Pressley, alongside Senate Majority Leader Chuck Schumer (D-NY), and Senator Elizabeth Warren (D-MA) have repeatedly called on Biden to cancel $50,000 in student loan debt immediately via executive order on the premise that there is sufficient legal backing for the administration to do so.
The Fed researchers, using data from the New York Fed/Equifax Consumer Credit Panel, estimated the cost of two federal loan forgiveness proposals, one for $10,000 and another for $50,000. They found that limited forgiveness and placing income caps on who would be eligible would “distribute a larger share of benefits” to low-income borrowers while also reducing the cost of forgiveness.
Rep. Pressley has repeatedly stressed that women and people of color hold significant levels of student loan debt and that cancellation would represent a massively impactful form of relief given the disproportionate burden.
Bankruptcy courts have not been friendly to student borrowers. That’s at least partly attributable to Biden. In 2005, “the senator from MBNA,” so named for his close relationship with the credit card company that was also his largest donor, was one of eighteen Senate Democrats who backed a successful Republican-led bankruptcy reform bill that stripped private student loans of bankruptcy protection amid an explosion of private loan debt.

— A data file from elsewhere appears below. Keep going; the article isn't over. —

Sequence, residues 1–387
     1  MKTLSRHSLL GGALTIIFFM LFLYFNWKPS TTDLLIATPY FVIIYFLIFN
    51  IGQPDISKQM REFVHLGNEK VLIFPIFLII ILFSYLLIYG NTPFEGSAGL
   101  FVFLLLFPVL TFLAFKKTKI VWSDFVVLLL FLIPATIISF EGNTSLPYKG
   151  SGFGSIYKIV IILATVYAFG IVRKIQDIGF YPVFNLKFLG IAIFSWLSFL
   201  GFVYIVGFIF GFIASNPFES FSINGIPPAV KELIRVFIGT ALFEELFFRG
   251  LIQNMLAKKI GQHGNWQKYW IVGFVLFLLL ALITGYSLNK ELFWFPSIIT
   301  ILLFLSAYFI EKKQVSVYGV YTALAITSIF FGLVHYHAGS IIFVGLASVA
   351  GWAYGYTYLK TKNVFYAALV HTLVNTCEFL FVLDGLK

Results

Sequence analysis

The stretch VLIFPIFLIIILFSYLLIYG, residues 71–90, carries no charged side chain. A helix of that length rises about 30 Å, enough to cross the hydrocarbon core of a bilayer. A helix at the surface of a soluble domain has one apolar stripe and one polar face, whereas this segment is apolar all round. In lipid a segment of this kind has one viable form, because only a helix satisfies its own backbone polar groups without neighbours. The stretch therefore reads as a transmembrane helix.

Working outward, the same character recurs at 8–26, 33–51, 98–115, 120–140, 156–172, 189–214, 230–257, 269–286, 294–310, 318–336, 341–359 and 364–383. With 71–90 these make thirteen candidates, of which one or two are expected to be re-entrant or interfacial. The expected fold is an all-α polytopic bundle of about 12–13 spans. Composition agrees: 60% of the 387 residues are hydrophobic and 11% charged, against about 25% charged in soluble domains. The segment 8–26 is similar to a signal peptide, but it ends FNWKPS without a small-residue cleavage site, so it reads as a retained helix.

“He is a zealous advocate on behalf of one of his biggest contributors — the financial services industry,” Senator Elizabeth Warren (D-MA) said of Biden at the time.
For his part, Biden argued the law was necessary to prevent abuse of the system by borrowers who could afford to repay some of their debt. He and other supporters of the bankruptcy bill claimed the legislation would enable private lenders to lower costs for people seeking credit. But both arguments were ultimately proven wrong — abuse was minimal, and interest rates in general did not go down. Instead, the law resulted in a system that leaves borrowers with few options for relief.
The number of people seeking bankruptcy fell sharply during the pandemic as government aid propped up income and staved off housing and student-loan obligations.
Bankruptcy filings by consumers under chapter 7 were down 22% last year compared with 2019, while individual filings under chapter 13 fell 46%, according to Epiq data. After holding above 50,000 filings a month in 2019 and in the first quarter of 2020, bankruptcy filings have remained below 40,000 a month since last March when the pandemic hit.
By contrast, commercial bankruptcy filings rose 29%, with more than 7,100 businesses seeking chapter 11 protection last year, according to Epiq.